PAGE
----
UK consumers’ interest in sustainable products has risen significantly, according to the latest EY Future Consumer Index, with more than a quarter (28%) saying they have increased their purchase of sustainable products over the course of the pandemic and a third (34%) plan to increase this after the pandemic.
However, the survey of over 1,000 UK consumers found barriers that stop consumers from shopping more sustainably, including high prices, confusion around product quality, and lack of trust in sustainability credentials.
The EY report found that more than two-thirds (67%) of respondents say that high prices were a definite deterrent to shopping more sustainably and buying sustainable products. More than a third (35%) wish that they could afford to do more.
But even though sustainable products can come at a cost premium, UK consumers say that the investment brings a feel-good factor that is important to them – 28% of those that have bought such goods say they are playing their part for future generations and 27% feel that they are contributing back to the future of the planet and society.
Other than cost, quality of information and trust in brands are also significant barriers. The majority (56%) cite misleading product information as putting them off buying, and more than half (51%) lack trust in brands and retailers to help them make sustainable purchasing choices. Over three-fifths (64%) of respondents perceive sustainable options to be of poorer quality. This ultimately leads consumers to lose patience, with 37% saying that understanding how to make more sustainable choices is too difficult or time-consuming.
Silvia Rindone, EY UK&I Retail Lead, comments: “Our report shows that people want to do their bit to tackle sustainability challenges, but they don’t yet have the right information to turn those desires into action. There is a clear prize to be won if brands and retailers can communicate with clarity, authenticity and consistency.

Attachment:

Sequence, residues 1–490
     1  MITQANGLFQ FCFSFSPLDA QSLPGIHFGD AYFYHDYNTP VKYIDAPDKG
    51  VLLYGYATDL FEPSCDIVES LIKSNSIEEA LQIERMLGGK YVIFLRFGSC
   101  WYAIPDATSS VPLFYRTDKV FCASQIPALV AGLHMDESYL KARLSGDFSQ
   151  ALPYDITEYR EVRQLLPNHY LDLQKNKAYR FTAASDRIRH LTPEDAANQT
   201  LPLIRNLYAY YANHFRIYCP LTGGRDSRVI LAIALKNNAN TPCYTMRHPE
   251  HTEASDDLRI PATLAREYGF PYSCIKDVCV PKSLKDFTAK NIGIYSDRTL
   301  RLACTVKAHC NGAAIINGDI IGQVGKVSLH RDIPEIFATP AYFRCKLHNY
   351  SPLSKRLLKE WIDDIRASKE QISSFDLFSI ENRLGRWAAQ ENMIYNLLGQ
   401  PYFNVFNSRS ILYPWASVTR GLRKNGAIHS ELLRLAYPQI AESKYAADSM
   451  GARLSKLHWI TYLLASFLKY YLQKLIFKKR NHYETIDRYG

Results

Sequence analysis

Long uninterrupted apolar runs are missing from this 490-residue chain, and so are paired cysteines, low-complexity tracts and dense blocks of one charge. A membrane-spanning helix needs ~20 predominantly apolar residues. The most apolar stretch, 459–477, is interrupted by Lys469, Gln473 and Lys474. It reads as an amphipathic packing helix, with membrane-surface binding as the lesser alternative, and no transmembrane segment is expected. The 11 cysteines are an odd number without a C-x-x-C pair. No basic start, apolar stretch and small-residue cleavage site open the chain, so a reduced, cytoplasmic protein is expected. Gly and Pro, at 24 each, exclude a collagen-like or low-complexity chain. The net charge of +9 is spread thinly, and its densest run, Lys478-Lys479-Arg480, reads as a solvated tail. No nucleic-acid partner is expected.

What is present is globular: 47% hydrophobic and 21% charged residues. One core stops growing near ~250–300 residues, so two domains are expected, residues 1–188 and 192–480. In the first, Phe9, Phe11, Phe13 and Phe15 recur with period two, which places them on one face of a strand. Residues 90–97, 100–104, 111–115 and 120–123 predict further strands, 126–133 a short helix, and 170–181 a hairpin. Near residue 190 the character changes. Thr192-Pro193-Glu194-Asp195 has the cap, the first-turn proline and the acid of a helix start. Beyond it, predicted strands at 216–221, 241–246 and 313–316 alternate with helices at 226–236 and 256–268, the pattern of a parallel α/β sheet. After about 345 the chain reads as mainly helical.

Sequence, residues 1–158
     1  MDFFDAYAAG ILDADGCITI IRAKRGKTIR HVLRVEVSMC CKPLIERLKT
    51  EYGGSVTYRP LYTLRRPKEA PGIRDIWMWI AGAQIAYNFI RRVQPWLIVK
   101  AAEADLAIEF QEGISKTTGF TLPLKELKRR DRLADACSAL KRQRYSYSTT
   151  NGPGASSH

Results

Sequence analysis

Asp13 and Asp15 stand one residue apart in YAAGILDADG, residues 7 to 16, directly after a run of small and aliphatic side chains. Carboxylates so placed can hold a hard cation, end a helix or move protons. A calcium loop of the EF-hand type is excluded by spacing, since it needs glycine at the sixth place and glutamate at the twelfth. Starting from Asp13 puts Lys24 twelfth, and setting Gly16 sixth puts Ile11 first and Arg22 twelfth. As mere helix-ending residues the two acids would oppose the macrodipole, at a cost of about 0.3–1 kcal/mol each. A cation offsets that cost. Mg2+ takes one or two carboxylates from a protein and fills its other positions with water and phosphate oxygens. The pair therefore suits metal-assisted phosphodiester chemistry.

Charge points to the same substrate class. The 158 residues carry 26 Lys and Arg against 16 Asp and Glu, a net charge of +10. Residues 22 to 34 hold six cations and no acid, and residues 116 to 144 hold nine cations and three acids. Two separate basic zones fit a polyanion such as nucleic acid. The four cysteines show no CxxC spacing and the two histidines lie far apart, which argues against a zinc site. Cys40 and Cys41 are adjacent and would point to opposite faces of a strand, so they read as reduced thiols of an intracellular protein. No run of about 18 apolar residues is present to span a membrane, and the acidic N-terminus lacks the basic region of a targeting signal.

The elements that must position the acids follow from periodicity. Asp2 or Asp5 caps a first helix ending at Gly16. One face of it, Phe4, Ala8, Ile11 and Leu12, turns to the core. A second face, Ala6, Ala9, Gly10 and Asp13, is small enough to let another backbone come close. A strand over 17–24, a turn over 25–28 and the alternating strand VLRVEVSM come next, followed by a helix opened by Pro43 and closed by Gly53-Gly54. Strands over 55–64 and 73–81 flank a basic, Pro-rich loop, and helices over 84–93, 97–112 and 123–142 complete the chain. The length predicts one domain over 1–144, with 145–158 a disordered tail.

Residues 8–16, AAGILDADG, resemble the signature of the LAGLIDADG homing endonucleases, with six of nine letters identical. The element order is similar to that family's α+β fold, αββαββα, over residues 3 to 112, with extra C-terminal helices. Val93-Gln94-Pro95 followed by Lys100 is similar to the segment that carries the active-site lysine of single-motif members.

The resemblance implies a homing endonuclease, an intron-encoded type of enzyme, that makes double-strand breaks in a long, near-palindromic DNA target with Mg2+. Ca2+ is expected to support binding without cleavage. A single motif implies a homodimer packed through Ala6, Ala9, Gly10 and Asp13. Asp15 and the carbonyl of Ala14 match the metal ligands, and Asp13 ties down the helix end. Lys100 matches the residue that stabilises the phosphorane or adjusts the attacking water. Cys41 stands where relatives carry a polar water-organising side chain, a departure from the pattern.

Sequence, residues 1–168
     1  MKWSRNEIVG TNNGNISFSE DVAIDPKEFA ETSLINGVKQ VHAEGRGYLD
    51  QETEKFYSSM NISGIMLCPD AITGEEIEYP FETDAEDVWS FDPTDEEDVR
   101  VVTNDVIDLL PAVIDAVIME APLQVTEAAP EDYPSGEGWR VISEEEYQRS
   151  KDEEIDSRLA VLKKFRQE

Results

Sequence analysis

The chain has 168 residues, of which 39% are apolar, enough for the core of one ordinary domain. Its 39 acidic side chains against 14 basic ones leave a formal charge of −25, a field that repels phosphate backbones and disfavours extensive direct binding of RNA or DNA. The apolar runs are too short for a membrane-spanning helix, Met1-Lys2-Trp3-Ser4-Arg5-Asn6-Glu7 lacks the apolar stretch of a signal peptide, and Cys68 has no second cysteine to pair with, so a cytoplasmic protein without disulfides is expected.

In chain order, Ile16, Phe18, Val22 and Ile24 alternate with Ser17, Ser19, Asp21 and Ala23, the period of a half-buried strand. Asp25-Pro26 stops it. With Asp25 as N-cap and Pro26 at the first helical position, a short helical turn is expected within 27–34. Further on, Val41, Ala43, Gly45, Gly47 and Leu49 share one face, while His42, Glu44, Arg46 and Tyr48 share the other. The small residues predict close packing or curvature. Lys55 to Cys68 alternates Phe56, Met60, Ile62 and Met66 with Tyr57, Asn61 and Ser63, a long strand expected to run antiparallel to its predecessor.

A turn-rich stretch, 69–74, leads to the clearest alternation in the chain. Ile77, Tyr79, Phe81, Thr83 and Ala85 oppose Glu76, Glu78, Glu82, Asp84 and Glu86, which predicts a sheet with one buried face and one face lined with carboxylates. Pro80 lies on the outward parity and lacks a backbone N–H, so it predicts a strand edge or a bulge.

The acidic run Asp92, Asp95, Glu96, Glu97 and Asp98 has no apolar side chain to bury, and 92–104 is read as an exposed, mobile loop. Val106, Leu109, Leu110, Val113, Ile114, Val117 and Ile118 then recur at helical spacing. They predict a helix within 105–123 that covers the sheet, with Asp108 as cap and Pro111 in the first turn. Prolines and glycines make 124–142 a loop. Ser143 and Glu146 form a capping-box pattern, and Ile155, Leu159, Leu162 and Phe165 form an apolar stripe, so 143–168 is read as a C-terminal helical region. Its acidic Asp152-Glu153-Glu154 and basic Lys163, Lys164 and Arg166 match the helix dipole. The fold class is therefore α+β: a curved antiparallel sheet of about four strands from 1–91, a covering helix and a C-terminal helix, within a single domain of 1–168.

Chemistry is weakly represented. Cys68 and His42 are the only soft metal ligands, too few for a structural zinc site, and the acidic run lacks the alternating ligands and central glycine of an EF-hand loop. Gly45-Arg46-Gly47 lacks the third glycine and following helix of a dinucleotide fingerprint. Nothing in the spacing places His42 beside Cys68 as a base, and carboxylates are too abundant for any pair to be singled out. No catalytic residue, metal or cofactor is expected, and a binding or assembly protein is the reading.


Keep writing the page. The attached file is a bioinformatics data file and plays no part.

“A number of retailers and consumer goods companies have been proactive and are leading in shaping the agenda around the future of sustainability. However, greater coordination across the industry is needed to align on standards that ultimately will make it easier for consumers to make more informed choices.”
The impact of age on sustainability concerns
The EY report also found that consumer expectations around shopping more sustainably vary significantly by age and product category or sector. Younger consumers (those under the age of 40) have human rights in their top three concerns, prioritising it nearly twice as much as their older peers. Human rights sit alongside climate change and plastic waste for this age bracket.
The ‘intention-action gap’ also differs by age, and between different actions. For example, during the last six months, more than a quarter (27%) of younger consumers have checked the sustainability credentials of products before they purchased – a figure that’s more than twice the rate of older consumers (13% of those over the age of 40). Meanwhile, a smaller proportion (20%) of younger customers have actively researched the sustainability policies of an organisation, also at twice the rate of older consumers (10%).
Actions speak louder than words
The EY research tested several different pledges to see which would drive the most engagement to buy from consumers. A pledge to ‘donate 1% of profits for the environment, support grassroots protestors, launch petitions for environmental initiatives and use 70% recycled materials’ drove the highest engagement, with a 23% increase in consumer preference to shop from the company or organisation concerned.
Pragmatic pledges, such as waiving shipping fees for the delivery of products with less packaging, drove a 15% increase in consumer purchase preference. Meanwhile less measurable pledges, such as a pledge to ‘make a $2bn climate pledge to ‘decarbonise’ the earth and achieve net-zero by 2040’ drove only a 10% increase in purchase preference.
Silvia Rindone comments: “To close the trust gap, retailers and brands need to prove that sustainability is about action rather than words.
“For real change when it comes to helping consumers making environmentally savvy purchasing decisions, companies need to create an Environmental Social Governance (ESG) agenda that is anchored in the strategy of the business and not an add-on. They must integrate a new strategy into their ways of working, not just a one-and-done project but a way of defining the purpose of their business. Companies should clarify what their target consumer wants in terms of sustainability and clearly communicate what is relevant to them, remembering that priorities can differ by age and sector.
“Brands and retailers must reinforce their brand equity and sustainability communication using external certifications that are most relevant to their consumer audience. They need to put sustainability at the top of the priority list and into the heart of the business; not just within the board room – but also across sourcing, supply chains, marketing communication, technology and data.”